While seafood is a strength at Solo Italiano, it is by no means the restaurant’s specialty. Laboa, who previously helmed Farina in San Francisco, was the winner of the World Pesto Championship in 2008, and he makes sure to include his prize-winning sauce in several places, such as in the silk handkerchief (mandilli di seta) pasta ($22), where his classic basil pesto pops up as the star of the show. Indeed, it is not uncommon for Laboa’s pestos to be the best component of a dish, as with his dandelion version, served alongside a blended romesco-like tomato sauce underneath a too-generously salted fillet of halibut ($36). So too, in his take on orecchiette and sausage ($22), where Laboa takes a theoretical approach to pesto by pureeing not herbs, but blanched Stonecipher Farm broccolini stems and olive oil in order to distribute a vibrant green freshness through the dish. It’s a pity that the underseasoned housemade sausage did not add much to the pasta, because the components of this dish that did work were phenomenal.

Another place where Laboa’s pesto genius played out to note-perfect effect was in his creative interpretation of a tomato and basil salad, reinvented as a dessert. His Caprese gelatos ($9) comprised one dairy-free scoop of fruity, fragrant tomato sorbetto and one full-fat, raw milk-based scoop of grassy, aromatic basil gelato, united not by mozzarella but by fresh whipped cream and a single drop of balsamic vinegar. It reminded me of school vacations when I would eat ripe, late-summer tomatoes off the vine while my father mowed the lawn nearby. Absolutely sublime.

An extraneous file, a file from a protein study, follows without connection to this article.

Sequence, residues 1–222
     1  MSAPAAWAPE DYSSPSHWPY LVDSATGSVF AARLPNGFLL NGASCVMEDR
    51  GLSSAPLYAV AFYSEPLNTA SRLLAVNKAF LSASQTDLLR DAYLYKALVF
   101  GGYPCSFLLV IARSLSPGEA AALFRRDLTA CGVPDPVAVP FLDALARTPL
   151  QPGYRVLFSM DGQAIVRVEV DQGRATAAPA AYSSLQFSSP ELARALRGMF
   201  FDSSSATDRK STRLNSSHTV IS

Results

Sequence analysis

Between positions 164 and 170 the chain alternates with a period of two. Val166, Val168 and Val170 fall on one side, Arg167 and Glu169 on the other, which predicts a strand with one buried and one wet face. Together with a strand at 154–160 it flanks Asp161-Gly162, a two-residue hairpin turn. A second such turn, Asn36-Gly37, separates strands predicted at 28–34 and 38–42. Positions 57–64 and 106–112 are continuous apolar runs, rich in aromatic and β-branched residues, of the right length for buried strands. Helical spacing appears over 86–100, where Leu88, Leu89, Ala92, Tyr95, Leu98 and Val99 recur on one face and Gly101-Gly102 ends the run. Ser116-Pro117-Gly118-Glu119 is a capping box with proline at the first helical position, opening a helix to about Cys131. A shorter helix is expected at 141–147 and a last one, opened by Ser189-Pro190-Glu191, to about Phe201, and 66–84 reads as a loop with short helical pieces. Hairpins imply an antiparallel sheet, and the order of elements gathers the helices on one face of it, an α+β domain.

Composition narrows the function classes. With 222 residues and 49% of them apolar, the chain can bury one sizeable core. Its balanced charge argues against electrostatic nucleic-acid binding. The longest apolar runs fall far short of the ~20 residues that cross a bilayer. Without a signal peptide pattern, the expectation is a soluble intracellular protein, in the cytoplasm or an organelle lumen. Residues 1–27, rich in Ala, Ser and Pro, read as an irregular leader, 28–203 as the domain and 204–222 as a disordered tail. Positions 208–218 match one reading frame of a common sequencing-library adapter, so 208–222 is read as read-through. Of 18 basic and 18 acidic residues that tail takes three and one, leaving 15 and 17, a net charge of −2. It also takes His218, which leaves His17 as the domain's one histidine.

There was something nostalgic, too, about the papardelle with lamb ragu ($23). Described by the menu as “an inconceivable local heirloom tomato sauce,” the ragu was made with ground lamb shoulder, sage, rosemary and juniper, and served on a bed of precisely al dente egg pasta, infused with mint. At our table, we were split on this dish. We were all captivated by the elaborate interplay of herbs, and while some of us loved the homey, rustic presentation that called to mind a very grandmotherly way of cooking, some of us wanted to see a little more cheffy technique, especially in a plate of pasta that cost upwards of $20.